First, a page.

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Credit, Bankruptcy, and Aggregate Fluctuations

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  • Makoto Nakajima

    (Federal Reserve Bank of Philadelphia)

Abstract

We ask two questions related to how access to credit affects the nature of business cycles. First, does the standard theory of unsecured credit account for the high volatility and procyclicality of credit and the high volatility and countercyclicality of bankruptcy filings found in U.S. data? Yes, it does, but only if we explicitly model recessions as displaying countercyclical earnings risk (i.e., rather than having all households fare slightly worse than normal during recessions, we ensure that more households than normal fare very poorly). Second, does access to credit smooth aggregate consumption or aggregate hours worked, and if so, does it matter with respect to the nature of business cycles? No, it does not; in fact, consumption is 20 percent more volatile when credit is available. The interest rate premia increase in recessions because of higher bankruptcy risk discouraging households from using credit. This finding contradicts the intuition that access to credit helps households to smooth their consumption.

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  • Makoto Nakajima, 2015. "Credit, Bankruptcy, and Aggregate Fluctuations," 2015 Meeting Papers 833, Society for Economic Dynamics.
  • Handle: RePEc:red:sed015:833
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    Cited by:

    1. Madeira, Carlos, 2019. "Measuring the covariance risk of consumer debt portfolios," Journal of Economic Dynamics and Control, Elsevier, vol. 104(C), pages 21-38.
    2. KOBAYASHI Keiichiro, 2016. "Persistent Demand Shortage Due to Household Debt," Discussion papers 16012, Research Institute of Economy, Trade and Industry (RIETI).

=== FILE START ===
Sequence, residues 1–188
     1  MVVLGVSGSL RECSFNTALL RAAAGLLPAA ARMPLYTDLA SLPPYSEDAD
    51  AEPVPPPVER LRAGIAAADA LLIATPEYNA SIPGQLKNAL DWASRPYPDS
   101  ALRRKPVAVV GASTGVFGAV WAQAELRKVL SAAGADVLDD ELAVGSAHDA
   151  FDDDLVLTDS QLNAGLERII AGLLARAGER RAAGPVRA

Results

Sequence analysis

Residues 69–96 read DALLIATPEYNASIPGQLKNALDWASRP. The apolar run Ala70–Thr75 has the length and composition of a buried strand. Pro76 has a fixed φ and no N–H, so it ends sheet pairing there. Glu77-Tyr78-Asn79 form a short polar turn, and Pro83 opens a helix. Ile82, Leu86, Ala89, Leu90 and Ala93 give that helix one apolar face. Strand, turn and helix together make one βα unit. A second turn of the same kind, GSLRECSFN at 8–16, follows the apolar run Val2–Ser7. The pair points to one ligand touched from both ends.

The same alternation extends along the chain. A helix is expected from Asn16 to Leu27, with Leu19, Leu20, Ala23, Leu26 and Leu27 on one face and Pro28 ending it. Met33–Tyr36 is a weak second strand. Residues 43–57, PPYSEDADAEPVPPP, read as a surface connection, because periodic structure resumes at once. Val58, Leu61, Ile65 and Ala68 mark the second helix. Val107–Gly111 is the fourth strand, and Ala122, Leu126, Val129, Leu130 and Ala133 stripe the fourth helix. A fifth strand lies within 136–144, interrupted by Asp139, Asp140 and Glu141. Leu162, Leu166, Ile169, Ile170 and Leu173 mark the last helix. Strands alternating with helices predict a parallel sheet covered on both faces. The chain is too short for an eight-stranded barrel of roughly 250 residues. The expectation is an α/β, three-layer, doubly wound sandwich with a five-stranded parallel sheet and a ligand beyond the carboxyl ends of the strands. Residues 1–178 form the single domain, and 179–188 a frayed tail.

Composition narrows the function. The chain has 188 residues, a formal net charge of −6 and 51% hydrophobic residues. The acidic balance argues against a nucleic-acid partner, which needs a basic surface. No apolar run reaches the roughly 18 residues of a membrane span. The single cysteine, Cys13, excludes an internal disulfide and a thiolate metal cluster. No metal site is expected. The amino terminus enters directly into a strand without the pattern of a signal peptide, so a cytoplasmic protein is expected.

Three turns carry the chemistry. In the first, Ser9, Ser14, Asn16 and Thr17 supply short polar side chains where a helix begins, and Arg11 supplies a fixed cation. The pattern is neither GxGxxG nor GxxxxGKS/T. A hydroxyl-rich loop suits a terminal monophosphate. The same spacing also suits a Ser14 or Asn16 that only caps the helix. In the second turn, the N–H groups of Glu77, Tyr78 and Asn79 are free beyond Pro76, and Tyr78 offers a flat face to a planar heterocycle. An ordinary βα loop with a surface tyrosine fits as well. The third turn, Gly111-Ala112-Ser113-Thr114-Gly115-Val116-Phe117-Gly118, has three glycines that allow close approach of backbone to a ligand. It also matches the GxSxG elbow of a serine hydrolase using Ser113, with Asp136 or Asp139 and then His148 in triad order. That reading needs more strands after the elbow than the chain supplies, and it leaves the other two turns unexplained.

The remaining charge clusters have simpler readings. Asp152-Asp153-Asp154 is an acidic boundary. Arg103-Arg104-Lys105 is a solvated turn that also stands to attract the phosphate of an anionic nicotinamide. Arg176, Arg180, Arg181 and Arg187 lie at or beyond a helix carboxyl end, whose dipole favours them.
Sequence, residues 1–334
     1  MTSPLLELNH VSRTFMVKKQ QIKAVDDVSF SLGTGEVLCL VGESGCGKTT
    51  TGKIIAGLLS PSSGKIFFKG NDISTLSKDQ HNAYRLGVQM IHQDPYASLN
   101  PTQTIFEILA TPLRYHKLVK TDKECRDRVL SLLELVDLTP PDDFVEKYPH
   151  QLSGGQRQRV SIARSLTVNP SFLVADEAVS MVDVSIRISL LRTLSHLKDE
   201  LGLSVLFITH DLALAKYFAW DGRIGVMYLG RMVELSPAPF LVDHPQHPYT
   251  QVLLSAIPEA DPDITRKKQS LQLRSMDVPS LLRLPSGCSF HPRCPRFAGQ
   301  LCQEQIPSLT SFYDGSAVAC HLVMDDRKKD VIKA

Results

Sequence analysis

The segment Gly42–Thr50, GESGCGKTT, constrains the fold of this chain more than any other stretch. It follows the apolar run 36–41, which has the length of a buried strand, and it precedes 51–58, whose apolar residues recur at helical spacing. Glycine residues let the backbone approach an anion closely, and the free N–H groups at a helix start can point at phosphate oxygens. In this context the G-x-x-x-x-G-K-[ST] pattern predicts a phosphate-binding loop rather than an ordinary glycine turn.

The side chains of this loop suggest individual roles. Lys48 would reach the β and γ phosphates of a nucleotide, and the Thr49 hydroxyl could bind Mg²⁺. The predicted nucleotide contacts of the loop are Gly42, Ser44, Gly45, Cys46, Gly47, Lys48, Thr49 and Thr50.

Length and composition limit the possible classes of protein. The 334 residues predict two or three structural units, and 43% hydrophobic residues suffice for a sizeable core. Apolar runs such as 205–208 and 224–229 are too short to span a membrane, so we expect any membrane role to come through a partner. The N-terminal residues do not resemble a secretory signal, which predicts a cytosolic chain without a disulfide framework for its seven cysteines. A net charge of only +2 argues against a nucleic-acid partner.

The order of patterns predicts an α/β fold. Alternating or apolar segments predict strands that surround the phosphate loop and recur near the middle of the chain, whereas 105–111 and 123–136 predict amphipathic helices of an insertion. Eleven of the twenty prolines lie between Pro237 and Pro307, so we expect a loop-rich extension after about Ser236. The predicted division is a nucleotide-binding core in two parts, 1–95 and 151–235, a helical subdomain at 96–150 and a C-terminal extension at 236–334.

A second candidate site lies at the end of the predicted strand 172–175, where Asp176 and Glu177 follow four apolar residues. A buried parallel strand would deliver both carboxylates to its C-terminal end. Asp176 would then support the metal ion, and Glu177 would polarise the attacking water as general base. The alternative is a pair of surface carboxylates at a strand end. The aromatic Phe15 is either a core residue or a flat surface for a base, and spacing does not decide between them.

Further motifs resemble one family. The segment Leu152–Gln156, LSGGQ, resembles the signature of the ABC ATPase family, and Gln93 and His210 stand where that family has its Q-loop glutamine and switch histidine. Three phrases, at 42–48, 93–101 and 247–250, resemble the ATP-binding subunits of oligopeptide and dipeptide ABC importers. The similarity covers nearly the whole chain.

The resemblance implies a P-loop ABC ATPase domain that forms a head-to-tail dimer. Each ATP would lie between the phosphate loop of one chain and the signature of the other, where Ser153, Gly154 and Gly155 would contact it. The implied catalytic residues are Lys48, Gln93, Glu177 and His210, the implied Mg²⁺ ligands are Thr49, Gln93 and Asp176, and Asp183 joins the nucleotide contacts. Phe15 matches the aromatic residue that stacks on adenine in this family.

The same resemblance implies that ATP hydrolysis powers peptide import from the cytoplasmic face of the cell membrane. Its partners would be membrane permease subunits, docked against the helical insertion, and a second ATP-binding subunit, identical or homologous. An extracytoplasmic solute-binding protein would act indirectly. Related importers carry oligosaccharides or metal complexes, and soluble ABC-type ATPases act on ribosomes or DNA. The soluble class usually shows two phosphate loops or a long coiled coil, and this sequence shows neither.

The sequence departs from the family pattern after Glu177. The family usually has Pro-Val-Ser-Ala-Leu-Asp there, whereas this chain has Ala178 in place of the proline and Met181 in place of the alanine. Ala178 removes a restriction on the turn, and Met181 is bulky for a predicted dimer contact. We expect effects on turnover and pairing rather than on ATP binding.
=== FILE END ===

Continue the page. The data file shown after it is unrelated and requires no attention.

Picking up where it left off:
3. Madeira, Carlos, 2018. "Explaining the cyclical volatility of consumer debt risk using a heterogeneous agents model: The case of Chile," Journal of Financial Stability, Elsevier, vol. 39(C), pages 209-220.
    4. Jang, Youngsoo & Lee, Soyoung, 2019. "A Generalized Endogenous Grid Method for Models with the Option to Default," MPRA Paper 95721, University Library of Munich, Germany.
    5. Samir Amine & Wilner Predelus, 2019. "The Persistence of the 2008-2009 Recession and Insolvency Filings in Canada," Economics Bulletin, AccessEcon, vol. 39(1), pages 84-93.
    6. Alexandros P. Bechlioulis & Sophocles N. Brissimis, 2021. "Are household consumption decisions affected by past due unsecured debt? Theory and evidence," International Journal of Finance & Economics, John Wiley & Sons, Ltd., vol. 26(2), pages 3040-3053, April.
    7. Carlos Madeira, 2016. "Explaining the Cyclical Volatility of Consumer Debt Risk," Working Papers Central Bank of Chile 772, Central Bank of Chile.

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    More about this item

    JEL classification:

    • D91 - Microeconomics - - Micro-Based Behavioral Economics - - - Role and Effects of Psychological, Emotional, Social, and Cognitive Factors on Decision Making
    • E21 - Macroeconomics and Monetary Economics - - Consumption, Saving, Production, Employment, and Investment - - - Consumption; Saving; Wealth
    • E32 - Macroeconomics and Monetary Economics - - Prices, Business Fluctuations, and Cycles - - - Business Fluctuations; Cycles
    • E44 - Macroeconomics and Monetary Economics - - Money and Interest Rates - - - Financial Markets and the Macroeconomy
    • K35 - Law and Economics - - Other Substantive Areas of Law - - - Personal Bankruptcy Law

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